Although the current work was completed - for the most part - in the early 90s, it was rewritten (in the past tense) beginning shortly after the death of Lady Jane Birdwood in June 2000. The project was interrupted by numerous other commitments, but in July 2002, after completing a short biography of my late friend Morris Riley, I felt obliged to get on with it nearly a decade down the line. The text of our interviews has of course not been rewritten; the entire verbatim transcript was approved by the Lady herself, although she didn’t always agree with my comments.
I had intended to publish this work in 1992 or 1993, and had a publisher who had accepted the manuscript, but primarily for financial reasons this was not meant to be.
The manuscript I submitted to my prospective American publisher way back in the early 90s was ready for publication, in my then humble opinion, but the passage of time has led to my deleting or amending many of my notes to the accompanying transcripts, and to adding a few others. I did not retain hard copy but kept a copy on my hard disk backed up to several sets of floppy disks. At some point my computer failed and I had to buy a new one; I restored the files from one of the back ups. Unfortunately, somehow several of the manuscript files became corrupted. This was most definitely not due to a virus but to disk read errors when restoring files (using the DOS Copy rather than the Restore command).
Even more unfortunately, I then backed up all my disks from the new computer to all the sets of floppies. Fortunately though I noticed the damage soon afterwards and did my best to recreate the corrupted files. Another piece of good fortune is that I have always used (and continue to use) the now long defunct ASCII-based wordprocessor WordStar 6. Had I used WordPerfect or some other non-ASCII wordprocessor the bulk of the manuscript would have been lost forever.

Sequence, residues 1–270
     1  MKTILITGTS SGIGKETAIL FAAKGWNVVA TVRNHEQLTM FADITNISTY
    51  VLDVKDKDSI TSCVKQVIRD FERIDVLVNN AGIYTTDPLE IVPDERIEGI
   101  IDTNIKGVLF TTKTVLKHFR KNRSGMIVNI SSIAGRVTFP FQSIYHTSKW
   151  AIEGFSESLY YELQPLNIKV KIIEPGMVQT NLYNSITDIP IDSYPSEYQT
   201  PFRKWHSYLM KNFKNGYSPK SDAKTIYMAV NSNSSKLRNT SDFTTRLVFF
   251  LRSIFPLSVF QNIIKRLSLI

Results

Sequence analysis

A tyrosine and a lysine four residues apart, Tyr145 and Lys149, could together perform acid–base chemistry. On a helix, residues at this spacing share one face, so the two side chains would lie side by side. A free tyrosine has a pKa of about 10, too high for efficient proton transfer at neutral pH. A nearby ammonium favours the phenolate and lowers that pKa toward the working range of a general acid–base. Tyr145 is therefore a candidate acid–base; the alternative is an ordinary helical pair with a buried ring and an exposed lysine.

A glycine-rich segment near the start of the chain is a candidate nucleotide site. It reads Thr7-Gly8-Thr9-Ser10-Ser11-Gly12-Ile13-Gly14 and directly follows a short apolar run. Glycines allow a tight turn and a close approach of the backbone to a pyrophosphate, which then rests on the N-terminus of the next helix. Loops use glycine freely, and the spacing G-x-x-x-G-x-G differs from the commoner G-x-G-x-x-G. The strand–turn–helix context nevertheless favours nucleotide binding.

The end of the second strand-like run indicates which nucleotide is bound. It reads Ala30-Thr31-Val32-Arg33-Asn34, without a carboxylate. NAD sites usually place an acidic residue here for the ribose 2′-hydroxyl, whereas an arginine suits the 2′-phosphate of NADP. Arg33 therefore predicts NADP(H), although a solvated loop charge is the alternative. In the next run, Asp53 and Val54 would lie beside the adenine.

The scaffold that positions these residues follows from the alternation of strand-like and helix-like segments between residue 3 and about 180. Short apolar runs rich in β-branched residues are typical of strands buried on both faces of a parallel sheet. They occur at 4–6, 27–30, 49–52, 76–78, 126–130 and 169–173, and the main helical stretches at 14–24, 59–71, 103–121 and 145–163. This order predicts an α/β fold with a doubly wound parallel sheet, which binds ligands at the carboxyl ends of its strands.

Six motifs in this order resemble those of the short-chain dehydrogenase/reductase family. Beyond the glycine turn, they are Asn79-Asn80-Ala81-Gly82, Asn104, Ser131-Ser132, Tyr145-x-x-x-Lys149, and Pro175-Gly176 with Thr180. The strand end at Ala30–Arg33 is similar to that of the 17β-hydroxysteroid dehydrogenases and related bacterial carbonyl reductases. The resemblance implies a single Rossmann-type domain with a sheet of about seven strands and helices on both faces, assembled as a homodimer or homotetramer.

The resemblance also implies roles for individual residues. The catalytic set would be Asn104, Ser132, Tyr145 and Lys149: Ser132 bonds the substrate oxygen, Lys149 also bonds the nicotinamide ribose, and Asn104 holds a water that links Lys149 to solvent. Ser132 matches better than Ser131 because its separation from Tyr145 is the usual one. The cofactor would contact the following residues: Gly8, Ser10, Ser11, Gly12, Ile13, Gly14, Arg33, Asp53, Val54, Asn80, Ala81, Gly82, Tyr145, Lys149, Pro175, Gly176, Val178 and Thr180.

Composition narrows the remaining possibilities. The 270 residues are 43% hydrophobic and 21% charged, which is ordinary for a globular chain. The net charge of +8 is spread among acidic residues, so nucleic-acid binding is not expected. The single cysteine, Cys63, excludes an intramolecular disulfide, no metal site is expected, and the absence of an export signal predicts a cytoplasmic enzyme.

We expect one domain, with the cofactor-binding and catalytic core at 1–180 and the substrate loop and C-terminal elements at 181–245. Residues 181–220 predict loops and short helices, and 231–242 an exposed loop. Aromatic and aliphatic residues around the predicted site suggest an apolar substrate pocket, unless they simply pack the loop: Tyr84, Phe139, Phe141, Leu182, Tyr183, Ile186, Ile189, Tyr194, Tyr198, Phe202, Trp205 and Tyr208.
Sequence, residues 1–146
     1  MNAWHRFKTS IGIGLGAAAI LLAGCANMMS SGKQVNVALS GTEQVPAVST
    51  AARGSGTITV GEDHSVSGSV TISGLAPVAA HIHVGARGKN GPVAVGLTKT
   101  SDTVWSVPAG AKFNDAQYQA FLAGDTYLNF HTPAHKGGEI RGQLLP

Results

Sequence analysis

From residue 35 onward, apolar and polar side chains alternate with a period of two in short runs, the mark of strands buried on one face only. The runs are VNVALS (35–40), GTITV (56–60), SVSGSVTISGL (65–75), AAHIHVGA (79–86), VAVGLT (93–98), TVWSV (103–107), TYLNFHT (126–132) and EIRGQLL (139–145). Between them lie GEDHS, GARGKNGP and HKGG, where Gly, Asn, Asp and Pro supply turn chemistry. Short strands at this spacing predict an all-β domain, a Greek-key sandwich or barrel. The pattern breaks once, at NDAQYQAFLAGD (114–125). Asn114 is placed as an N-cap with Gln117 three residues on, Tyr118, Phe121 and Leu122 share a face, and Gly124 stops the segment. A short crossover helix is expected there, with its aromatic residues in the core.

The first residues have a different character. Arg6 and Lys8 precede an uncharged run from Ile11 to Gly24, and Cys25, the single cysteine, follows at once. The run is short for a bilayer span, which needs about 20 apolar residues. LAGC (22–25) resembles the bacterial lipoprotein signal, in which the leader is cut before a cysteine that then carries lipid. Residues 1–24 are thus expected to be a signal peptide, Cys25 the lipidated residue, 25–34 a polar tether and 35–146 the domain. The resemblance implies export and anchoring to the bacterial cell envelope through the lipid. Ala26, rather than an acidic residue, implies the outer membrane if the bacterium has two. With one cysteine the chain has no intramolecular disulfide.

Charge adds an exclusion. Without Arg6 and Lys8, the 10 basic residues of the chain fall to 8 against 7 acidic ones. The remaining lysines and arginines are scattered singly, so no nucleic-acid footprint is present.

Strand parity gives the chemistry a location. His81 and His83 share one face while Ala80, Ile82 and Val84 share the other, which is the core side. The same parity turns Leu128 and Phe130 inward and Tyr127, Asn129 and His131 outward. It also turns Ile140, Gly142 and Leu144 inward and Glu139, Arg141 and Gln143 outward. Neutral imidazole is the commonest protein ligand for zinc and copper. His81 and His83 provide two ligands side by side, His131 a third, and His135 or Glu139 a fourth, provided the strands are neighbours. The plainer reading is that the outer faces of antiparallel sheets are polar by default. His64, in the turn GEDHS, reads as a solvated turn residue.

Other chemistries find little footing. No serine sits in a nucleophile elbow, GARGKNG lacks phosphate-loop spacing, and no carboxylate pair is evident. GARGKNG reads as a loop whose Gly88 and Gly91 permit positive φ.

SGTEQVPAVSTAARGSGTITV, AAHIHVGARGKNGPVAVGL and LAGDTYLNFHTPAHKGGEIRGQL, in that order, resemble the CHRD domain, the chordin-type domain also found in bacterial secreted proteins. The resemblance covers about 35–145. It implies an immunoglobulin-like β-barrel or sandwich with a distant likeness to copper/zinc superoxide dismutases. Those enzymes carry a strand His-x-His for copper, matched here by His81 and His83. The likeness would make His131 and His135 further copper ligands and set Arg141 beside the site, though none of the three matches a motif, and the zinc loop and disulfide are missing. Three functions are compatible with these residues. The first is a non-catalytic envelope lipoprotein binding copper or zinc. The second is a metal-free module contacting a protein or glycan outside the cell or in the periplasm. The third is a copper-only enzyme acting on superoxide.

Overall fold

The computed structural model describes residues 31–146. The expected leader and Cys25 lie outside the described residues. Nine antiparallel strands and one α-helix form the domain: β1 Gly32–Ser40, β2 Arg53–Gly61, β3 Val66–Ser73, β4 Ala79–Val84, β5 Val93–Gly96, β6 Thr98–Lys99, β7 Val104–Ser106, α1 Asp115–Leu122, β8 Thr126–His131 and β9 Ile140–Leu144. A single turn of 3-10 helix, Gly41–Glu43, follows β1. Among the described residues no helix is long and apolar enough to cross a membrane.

Without wishing to give the reader any cast iron guarantees about its chronology, I can state hand on heart that the text of this publication is a faithful reproduction of Lady Birdwood’s views as espoused to me a decade and more ago.
Disappointed that my prospective publisher could not stump up the cash to publish the book, I sat on it for several years, through the subsequent harassment and prosecution of Lady Birdwood in 1994, and the third attempt by Organised Jewry to drag her into court, which was concluded in January 1998 when the Attorney General issued a nolle prosequi because she “no longer has the mental capacity to stand trial”. (1)
I didn’t see much of her in the last few years of her life, although I did phone her occasionally. I even took a Rabbi to see her at one point, but that is another story! (2) Finally, I was informed by my then correspondent Nick Griffin that he had heard through the grapevine that she had been found wandering the streets in her nightdress and committed (or as good as committed) to an old people’s home/mental hospital, from which she was never to emerge alive.
I didn’t attend her funeral; I would have liked to, but although I regarded her as a friend and like to think she regarded me as one, we were never close, and I felt in this case, for reasons I won’t go into here, that discretion was the better part of valour. I hope though that this work will stand as a tribute to the Jane Birdwood I knew. Lady Jane Birdwood was perhaps the finest woman I have ever met, and a genuinely nice human being; it was a privilege to have known her, and I am sure when the stranglehold of Organised Jewry and their fellow travellers over the Western mind is finally broken, that honest scholars of all races will reach the same conclusion.
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